The return of Iron Maiden's "classic" Dickinson/Harris/Murray/Smith/McBrain lineup (plus third guitarist Janick Gers) in 1999 led to an incredibly successful world tour that saw the New Wave of British Heavy Metal legends commanding stages with the same unmitigated power and authority as they had during their mid-'80s heyday. But the question remained as to whether the reconstituted group would be able to carry this momentum into a studio setting and recapture the songwriting chops of its glory years. This question made Brave New World one of the most highly anticipated metal releases of 2000, and thankfully, the eventual answer to that question was a resounding "YES!" In fact, the album pretty much picked up right where the "classic" lineup had left off on 1988's Seventh Son of a Seventh Son: with a faithful rediscovery of Iron Maiden's best-loved sonic aesthetic and compositional quirks, updated only insofar as was necessary to measure up to new-millennium recording standards. In every other respect (and much like Seventh Son of a Seventh Son), Brave New World's meticulously orchestrated three-guitar attack still allowed for a greater sense of space than early Maiden albums (as well as the use of subtle keyboard textures in a supporting role), while boasting a beefier, in-your-face mix à la Piece of Mind or Powerslave. The remarkable pipes of singer Bruce Dickinson actually seemed to have benefited from a less grueling touring schedule over the previous decade, and his renewed songwriting partnership with bassist Steve Harris (and other assorted bandmembers) yielded several new Maiden live standards such as punchy first single, "The Wicker Man," and the positively anthemic title track. Also worthy of special mention were Harris' emotional solo copyright, "Blood Brothers," Adrian Smith's distinctive solo licks throughout "The Fallen Angel," and six-string stalwart Dave Murray's Arabian-flavored contributions to "The Nomad." These highlights notwithstanding, a more lucid appraisal revealed that Brave New World was no Number of the Beast, once the initial euphoria died down. But as comeback albums go, its excellence was undeniable, and announced not only Iron Maiden's triumphant return, but an important turning point in heavy metal's long, arduous climb back to respectability after years of critical abuse.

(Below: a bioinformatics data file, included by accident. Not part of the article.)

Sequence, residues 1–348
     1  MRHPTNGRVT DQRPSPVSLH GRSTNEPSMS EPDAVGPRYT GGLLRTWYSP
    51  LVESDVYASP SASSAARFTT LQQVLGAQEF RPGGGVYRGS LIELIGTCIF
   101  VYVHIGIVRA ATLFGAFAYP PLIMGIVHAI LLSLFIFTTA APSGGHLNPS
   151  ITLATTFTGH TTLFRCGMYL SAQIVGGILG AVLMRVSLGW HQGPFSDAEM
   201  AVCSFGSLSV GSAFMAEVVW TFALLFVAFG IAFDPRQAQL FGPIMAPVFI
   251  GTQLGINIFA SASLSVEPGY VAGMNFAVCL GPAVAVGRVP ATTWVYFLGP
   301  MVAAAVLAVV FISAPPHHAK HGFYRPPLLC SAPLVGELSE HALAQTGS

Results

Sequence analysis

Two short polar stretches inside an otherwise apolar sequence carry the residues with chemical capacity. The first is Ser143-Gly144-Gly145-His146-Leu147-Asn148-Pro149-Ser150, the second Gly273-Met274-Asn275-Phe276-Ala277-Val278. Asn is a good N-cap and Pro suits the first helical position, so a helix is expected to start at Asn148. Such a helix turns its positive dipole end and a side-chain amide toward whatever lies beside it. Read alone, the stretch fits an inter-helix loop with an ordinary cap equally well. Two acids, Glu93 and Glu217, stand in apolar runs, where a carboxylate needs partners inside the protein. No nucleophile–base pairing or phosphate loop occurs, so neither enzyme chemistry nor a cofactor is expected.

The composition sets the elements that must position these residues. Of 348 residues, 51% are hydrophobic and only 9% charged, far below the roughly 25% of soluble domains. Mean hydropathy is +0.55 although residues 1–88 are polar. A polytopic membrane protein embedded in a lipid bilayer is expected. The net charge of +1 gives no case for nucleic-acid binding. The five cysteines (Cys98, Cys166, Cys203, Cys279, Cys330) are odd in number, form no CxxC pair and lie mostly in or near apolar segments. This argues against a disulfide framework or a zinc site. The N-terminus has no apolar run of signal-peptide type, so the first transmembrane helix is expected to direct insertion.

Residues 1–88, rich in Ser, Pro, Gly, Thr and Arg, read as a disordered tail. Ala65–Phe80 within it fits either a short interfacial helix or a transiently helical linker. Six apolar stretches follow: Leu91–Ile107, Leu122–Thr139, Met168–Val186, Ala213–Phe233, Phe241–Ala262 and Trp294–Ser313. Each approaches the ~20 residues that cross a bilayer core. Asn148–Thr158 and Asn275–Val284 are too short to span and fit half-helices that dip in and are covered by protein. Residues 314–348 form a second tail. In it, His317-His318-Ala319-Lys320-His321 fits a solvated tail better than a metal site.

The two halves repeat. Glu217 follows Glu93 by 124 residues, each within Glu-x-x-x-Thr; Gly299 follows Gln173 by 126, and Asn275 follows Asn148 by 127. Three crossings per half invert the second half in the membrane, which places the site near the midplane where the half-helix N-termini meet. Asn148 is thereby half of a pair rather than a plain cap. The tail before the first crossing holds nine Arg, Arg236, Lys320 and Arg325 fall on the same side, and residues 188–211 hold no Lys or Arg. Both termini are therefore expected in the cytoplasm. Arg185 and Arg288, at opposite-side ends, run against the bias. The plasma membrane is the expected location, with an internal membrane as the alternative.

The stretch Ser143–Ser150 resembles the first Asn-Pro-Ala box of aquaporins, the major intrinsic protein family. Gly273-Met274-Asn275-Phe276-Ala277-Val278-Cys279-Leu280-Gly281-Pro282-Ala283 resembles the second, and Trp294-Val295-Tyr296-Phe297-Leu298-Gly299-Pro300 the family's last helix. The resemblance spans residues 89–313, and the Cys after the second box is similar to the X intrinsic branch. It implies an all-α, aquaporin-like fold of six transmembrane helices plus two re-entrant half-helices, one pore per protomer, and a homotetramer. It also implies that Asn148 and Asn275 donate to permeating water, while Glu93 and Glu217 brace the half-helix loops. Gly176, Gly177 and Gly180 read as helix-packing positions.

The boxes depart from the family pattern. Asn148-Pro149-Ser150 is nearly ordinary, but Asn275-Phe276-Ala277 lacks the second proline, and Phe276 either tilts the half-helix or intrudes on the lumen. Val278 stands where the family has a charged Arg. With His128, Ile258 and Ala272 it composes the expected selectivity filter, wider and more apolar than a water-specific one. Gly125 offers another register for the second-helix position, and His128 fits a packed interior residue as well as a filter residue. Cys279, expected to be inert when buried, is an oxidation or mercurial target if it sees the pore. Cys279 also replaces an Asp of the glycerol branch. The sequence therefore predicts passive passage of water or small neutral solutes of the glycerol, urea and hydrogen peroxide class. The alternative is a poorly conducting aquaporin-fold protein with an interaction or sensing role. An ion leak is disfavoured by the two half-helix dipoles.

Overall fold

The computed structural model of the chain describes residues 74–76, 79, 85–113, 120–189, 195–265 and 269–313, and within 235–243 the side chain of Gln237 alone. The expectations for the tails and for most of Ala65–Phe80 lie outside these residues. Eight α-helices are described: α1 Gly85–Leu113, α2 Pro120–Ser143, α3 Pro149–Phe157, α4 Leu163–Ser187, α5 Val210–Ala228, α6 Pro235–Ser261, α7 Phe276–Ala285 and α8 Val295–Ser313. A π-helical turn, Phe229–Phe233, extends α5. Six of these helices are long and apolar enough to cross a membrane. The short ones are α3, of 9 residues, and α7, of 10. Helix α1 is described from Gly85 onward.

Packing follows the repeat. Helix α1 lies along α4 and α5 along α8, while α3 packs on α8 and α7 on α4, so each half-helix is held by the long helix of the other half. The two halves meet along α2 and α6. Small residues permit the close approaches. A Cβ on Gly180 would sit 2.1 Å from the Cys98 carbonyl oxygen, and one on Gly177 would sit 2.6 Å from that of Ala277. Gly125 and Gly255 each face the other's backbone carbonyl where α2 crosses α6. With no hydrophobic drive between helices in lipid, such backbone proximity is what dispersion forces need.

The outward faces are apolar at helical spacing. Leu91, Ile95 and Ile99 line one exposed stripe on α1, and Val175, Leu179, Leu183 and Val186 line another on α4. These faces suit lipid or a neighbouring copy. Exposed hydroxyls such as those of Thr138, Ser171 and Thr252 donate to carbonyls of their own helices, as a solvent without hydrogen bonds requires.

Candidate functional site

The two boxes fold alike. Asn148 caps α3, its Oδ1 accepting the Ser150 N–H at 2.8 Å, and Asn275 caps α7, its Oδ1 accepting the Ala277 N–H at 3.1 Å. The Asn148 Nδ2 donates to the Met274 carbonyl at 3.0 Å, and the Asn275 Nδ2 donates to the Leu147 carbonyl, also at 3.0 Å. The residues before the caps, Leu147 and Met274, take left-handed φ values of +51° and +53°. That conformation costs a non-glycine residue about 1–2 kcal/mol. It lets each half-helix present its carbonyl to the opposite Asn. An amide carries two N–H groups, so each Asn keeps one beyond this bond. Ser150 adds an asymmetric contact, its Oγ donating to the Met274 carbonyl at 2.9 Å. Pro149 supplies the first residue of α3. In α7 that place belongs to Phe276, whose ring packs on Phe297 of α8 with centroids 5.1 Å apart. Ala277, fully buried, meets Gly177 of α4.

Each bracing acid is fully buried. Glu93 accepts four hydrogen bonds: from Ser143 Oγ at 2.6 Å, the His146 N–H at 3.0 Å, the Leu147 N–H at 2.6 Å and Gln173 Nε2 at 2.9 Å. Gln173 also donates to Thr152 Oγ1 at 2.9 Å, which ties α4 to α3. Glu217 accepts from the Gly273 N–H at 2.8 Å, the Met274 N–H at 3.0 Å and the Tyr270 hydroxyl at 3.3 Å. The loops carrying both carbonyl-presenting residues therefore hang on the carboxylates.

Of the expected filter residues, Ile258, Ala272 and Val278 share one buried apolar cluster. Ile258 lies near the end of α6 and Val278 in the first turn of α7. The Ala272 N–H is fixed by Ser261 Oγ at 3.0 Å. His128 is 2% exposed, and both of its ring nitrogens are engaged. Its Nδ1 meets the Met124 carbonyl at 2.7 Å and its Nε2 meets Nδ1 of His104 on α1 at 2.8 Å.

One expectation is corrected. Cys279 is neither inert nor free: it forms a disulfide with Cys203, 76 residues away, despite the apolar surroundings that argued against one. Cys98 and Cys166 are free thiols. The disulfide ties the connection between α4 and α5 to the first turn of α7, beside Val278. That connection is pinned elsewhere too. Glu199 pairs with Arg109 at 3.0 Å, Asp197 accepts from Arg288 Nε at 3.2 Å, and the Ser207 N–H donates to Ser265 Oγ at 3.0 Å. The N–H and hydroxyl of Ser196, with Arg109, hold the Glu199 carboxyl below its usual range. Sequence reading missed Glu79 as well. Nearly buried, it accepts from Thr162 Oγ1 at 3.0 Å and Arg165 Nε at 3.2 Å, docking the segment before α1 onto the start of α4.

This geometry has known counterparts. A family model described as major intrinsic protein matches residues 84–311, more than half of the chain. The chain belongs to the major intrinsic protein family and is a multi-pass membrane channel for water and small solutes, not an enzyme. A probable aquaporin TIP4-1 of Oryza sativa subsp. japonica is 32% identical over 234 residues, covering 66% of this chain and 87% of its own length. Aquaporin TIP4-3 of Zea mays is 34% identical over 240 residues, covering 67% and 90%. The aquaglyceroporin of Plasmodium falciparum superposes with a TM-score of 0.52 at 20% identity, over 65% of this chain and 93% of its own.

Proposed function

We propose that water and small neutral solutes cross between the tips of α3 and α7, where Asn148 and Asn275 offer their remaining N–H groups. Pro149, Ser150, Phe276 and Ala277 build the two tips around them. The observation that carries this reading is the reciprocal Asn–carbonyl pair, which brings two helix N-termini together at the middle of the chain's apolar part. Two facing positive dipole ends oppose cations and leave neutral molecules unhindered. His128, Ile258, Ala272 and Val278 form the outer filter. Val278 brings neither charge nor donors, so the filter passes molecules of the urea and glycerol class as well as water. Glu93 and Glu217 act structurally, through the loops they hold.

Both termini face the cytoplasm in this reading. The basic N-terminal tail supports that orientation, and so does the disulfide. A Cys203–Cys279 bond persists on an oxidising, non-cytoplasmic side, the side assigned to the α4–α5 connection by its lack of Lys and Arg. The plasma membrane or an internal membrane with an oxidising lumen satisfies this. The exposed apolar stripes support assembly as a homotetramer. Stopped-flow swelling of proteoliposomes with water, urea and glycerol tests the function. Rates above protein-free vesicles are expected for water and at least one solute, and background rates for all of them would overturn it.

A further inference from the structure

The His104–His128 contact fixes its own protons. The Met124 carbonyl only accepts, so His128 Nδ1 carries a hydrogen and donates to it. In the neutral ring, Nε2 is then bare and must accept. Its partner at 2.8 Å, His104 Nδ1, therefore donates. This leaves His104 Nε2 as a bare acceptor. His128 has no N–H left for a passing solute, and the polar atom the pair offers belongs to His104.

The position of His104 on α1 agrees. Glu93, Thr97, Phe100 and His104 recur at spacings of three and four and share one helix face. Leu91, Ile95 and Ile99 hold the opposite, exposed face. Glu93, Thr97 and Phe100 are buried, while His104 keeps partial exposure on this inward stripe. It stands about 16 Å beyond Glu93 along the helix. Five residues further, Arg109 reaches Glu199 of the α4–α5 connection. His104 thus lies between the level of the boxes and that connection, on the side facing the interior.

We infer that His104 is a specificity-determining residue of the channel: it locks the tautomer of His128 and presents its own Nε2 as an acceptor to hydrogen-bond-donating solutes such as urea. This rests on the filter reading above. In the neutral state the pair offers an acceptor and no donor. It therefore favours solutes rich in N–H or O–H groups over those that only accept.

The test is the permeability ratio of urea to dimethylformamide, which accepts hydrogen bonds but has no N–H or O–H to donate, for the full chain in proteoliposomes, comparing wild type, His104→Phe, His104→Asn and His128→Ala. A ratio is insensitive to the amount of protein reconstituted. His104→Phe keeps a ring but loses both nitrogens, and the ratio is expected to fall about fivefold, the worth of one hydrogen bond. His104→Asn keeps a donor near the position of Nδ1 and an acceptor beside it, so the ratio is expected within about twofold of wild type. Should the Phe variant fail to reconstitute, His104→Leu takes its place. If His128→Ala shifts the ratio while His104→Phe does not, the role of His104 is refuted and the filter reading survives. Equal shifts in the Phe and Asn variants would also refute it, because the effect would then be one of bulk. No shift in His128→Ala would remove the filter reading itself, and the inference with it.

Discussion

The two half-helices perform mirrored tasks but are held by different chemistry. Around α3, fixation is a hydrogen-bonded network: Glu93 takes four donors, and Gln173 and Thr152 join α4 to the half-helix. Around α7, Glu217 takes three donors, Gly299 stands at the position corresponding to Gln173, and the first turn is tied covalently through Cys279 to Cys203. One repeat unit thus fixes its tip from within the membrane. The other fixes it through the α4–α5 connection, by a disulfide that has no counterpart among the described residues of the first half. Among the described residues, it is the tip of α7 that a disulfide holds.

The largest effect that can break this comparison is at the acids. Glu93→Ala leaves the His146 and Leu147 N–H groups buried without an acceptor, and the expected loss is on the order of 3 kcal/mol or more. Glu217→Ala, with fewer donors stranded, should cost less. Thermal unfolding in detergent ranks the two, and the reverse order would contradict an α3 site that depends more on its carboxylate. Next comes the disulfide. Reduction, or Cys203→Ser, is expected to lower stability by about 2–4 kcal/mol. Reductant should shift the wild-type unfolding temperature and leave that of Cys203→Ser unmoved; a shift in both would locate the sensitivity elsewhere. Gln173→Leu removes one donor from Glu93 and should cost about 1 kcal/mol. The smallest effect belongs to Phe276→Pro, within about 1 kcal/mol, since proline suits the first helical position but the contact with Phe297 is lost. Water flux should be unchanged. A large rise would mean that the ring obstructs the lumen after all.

AllMusic Review by Eduardo Rivadavia